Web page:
The other major GI Bill benefit—a home mortgage guarantee—was a bit more problematic for black and Indian ex-GIs. Indians had the problem that trust land could not be mortgaged. Blacks had the problem that, because Republicans were opposed, the votes of the Dixiecrats were necessary to pass the GI Bill.

In return for their votes, the Dixiecrats extorted measures to keep black ex-GIs from home ownership. The primary method was to extend “redlining,” a practice required by law to purchase Dixiecrat votes for the Federal Housing Administration (FHA) in 1934. Within the red lines on a map, banks would not underwrite home loans and insurance companies would not write affordable homeowner policies.

Scroll to Continue

Read More

The housing benefits, moreover, were much easier than the education benefits to close off at choke points where blacks were not allowed to pass, something Congress encouraged by leaving administration to the states. Additionally, homes not within the red lines were often burdened by racially restrictive covenants in their deeds directed at non-whites generally.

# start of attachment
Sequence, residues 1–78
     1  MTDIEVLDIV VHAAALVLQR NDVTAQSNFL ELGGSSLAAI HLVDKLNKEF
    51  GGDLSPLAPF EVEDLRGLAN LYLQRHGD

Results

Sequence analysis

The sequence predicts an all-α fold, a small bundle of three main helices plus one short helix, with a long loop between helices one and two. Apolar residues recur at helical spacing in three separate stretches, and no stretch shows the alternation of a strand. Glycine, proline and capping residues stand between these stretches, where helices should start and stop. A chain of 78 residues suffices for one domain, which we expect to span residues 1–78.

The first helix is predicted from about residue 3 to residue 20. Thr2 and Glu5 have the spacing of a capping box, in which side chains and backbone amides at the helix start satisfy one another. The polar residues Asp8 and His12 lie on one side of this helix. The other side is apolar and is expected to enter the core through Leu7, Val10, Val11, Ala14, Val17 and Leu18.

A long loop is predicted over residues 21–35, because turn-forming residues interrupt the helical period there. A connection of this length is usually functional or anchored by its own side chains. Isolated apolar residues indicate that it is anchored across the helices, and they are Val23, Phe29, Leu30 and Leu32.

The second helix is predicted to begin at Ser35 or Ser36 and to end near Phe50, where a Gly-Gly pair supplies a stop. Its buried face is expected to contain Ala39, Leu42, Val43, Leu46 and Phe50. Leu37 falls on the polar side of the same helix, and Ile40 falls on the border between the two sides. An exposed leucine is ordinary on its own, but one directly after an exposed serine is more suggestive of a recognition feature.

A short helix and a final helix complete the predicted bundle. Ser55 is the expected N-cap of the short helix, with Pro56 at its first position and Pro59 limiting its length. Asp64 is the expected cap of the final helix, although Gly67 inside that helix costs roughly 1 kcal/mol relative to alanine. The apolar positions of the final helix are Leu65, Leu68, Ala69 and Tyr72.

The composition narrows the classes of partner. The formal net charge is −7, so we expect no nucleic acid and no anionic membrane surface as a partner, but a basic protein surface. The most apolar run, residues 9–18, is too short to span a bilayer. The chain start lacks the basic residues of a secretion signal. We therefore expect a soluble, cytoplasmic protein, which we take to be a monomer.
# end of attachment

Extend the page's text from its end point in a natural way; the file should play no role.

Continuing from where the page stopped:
As the FHA and VA programs of the New Deal moved Americans from renters to homeowners, the demand for housing expanded faster than the supply. To meet that demand, a company called Levitt & Sons invented the tract houses ubiquitous in the U.S. to this day. Levitt built 17,447 houses in the next four years and other builders took up the model.

To buy into a “Levittown,” you had to be an ex-GI, which meant that Levittown loans were all government guaranteed. You also had to be white. Before the FHA/VA loan guarantees, down payments were commonly half the purchase price and mortgages ranged between six and 11 years. This is why the United States had been a nation of renters.